I made banana ice cream yesterday, and holy cow, was it a hit. I'd read about it and had a couple friends who made and recommended it, but somehow couldn't manage the complicated process (slicing up a few bananas, freezing them for a couple hours, then sending the frozen chunks through the food processor. It may have taken five entire minutes) until yesterday. The kids and I tried it plain, and while it was good, with a surprising ice creamy consistency despite the fact that the sole ingredient is bananas, we all agreed that what it really needed was chocolate, which I sent down the processor's chute with gusto. Because making completely healthy food unhealthy is evidently a real skill of mine. I'm making another batch tonight, but this time I'm adding chocolate and peanut butter.
Since the weather's been cooler here, I've been forced to dig out my jeans, which led to the unpleasant reminder that last spring I decided to postpone jeans shopping til the fall, because I loathe shopping for jeans. I love wearing them, but I hate how the level of despair rises with each discarded pair in the dressing room. I can pick up a dozen pair out on the sales floor, thinking that they look relatively normal and as if there's at least a bare possibility they'll fit, but once I'm actually attempting to shimmy into them? Puzzlement. Anguish. Gnashing of teeth. Sackcloth begins to sound attractive. Why must it be a modern-day miracle to find a pair of jeans that a) has no machine-made holes, b) allows me to move around without exposing not-to-be-exposed parts of myself, and c) doesn't cost a fortune?
|If you hear sobbing coming from an Iowa fitting room next week, don't worry: It's just me, losing the will to live.|
I think I may have finally cracked Caedmon's chore code. Both Adelaide and Atticus are relatively good at completing their chores quickly and with minimal fuss, but Caedmon? Man. He'd spend more time dragging his feet and voicing how unfair it all was than the time it took to complete the chore itself. The key? A timer (This week, anyway). Caedmon loves to race a timer, so I'll set the microwave timer for, say, two minutes to put clean silverware away, three minutes to take out and dump the compost bowl, etc, and he'll go as fast as he can to finish before the timer beeps. I'm not sure why I didn't think of this earlier; when I'm feeling especially lazy and tempted to let a small task go, I'll time myself to see how long it actually takes to unload the dishwasher, fold some clothes, etc, so that I can berate myself afterwards about how lazy I must be to even be tempted to put something off that only took four minutes to complete anyway. (Hang on, that's not where that was supposed to go...)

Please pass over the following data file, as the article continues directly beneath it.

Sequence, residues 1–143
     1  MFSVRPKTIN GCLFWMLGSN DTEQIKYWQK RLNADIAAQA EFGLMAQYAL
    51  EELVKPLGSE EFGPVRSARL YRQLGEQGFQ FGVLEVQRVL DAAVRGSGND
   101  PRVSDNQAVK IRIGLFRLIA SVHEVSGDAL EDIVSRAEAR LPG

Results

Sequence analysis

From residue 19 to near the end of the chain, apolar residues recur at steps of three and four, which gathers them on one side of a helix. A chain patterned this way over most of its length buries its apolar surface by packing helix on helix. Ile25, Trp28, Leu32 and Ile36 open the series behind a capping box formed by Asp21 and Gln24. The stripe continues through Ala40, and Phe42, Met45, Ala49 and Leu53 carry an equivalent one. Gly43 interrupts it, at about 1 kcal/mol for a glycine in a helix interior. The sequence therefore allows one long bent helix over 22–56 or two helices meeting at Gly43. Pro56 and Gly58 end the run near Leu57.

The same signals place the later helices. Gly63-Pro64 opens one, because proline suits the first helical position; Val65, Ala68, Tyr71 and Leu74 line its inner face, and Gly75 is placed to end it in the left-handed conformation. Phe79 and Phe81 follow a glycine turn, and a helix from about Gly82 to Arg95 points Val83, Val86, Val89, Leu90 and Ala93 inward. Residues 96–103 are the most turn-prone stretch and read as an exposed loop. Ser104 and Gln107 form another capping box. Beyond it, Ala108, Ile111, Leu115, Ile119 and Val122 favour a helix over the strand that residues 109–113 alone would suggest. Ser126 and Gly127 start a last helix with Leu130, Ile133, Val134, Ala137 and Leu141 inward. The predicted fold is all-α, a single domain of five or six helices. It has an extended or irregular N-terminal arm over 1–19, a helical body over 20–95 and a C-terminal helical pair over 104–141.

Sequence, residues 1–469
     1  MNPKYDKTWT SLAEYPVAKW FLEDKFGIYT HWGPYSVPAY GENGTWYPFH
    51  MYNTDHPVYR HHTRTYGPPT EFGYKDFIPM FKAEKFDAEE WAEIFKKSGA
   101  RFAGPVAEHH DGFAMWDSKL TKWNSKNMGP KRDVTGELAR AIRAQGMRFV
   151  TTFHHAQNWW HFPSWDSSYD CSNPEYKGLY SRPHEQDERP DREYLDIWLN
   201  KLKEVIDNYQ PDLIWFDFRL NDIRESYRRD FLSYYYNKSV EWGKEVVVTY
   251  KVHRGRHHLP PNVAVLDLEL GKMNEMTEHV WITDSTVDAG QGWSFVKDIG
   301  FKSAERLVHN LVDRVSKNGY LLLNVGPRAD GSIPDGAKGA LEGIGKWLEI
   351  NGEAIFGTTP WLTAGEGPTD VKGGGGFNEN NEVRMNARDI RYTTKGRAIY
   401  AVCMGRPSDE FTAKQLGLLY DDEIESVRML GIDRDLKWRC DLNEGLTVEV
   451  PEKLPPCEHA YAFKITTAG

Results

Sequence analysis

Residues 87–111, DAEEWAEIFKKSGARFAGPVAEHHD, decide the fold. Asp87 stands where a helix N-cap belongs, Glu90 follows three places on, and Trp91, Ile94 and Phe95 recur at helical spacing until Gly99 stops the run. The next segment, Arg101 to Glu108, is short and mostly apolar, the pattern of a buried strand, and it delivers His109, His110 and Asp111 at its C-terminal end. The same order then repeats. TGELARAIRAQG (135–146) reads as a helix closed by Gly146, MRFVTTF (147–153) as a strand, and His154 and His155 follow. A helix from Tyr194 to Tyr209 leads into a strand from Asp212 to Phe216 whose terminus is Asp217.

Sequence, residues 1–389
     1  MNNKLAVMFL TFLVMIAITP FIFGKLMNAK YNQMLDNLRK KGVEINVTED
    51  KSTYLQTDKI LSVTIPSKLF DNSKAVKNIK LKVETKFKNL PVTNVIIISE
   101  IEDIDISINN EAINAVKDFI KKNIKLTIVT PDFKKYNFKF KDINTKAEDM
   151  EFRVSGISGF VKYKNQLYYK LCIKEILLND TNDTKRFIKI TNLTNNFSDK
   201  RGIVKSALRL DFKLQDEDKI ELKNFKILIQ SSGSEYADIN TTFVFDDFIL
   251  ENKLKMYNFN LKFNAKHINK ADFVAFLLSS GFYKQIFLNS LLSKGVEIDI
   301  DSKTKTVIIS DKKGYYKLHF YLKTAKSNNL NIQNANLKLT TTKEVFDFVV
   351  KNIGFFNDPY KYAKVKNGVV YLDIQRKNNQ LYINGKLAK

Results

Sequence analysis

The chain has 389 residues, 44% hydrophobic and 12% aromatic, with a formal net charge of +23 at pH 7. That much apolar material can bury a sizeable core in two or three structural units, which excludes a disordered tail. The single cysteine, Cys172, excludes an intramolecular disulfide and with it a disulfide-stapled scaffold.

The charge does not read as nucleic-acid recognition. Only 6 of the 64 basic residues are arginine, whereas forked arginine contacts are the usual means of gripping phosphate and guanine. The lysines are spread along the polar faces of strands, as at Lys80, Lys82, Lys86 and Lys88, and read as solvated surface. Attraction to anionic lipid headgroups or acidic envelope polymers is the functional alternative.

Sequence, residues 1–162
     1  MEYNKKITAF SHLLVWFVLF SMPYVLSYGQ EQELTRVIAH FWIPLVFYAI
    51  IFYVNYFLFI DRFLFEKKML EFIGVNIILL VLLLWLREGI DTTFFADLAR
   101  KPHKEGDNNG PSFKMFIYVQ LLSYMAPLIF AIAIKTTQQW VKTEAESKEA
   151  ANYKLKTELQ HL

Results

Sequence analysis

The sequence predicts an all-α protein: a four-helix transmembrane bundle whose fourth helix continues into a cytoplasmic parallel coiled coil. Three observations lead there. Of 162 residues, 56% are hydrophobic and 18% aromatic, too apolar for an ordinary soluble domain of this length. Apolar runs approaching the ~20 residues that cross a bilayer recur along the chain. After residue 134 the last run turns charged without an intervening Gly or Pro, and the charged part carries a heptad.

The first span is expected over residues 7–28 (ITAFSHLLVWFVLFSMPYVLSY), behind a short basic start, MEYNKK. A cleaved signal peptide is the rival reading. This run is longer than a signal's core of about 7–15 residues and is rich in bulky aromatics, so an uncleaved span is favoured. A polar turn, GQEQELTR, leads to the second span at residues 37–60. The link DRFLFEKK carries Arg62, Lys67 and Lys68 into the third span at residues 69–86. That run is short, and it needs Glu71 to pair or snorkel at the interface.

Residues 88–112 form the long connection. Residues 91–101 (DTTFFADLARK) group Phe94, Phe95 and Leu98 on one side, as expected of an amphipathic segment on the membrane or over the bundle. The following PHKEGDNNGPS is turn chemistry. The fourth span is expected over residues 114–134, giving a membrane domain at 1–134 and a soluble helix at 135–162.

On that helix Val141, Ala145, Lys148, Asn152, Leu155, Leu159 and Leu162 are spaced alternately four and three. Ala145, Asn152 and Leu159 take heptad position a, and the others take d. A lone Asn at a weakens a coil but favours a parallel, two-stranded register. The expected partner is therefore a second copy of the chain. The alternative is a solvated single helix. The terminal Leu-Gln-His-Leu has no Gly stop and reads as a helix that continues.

Did you not see the first "Bad" point? I HAVE TO GO JEANS SHOPPING NEXT WEEK.
A couple weeks ago we checked out the movie The Hobbit from the library. Not the fancy, modern, quasi-realistic version, but the old 1977 animated version that I remember watching a time or two growing up. That is, I thought I'd watched it a time or two, until I started it for the kids and began to walk away.
As soon as that music came on, I wheeled right around and sat myself down, caught up in a wave of nostalgia so powerful it was as close as I've ever come to actual time travel. I knew almost every word of dialogue, every song, sound effect, all of it, to the extent that I have to think we must have had it on constantly for some period of my childhood. This is strange to me; because I remember so much of my growing-up years so vividly and specifically, it's bewildering when I come across something forgotten.
|You can see why it was a childhood favorite.|
The only downside to my trip down a Hobbit-strewn memory lane was the nightmare it sparked that night, where a Teddy Ruxpin said one after another cruel thing to me, over and over. Upon waking, I couldn't remember what he'd said, why I didn't merely walk away, or what was keeping me from dreaming up a baseball bat to take to his furry demon body, just that my brain had officially ruined one of my childhood toys. Thanks, Brain.
UUUUMMM, I just googled "evil Teddy Ruxpin," you know, for fun, and came across this post: Your Childhood Games and Toys as Horror Movie Posters. Oh, Teddy. I knew it. Or my brain did, anyway.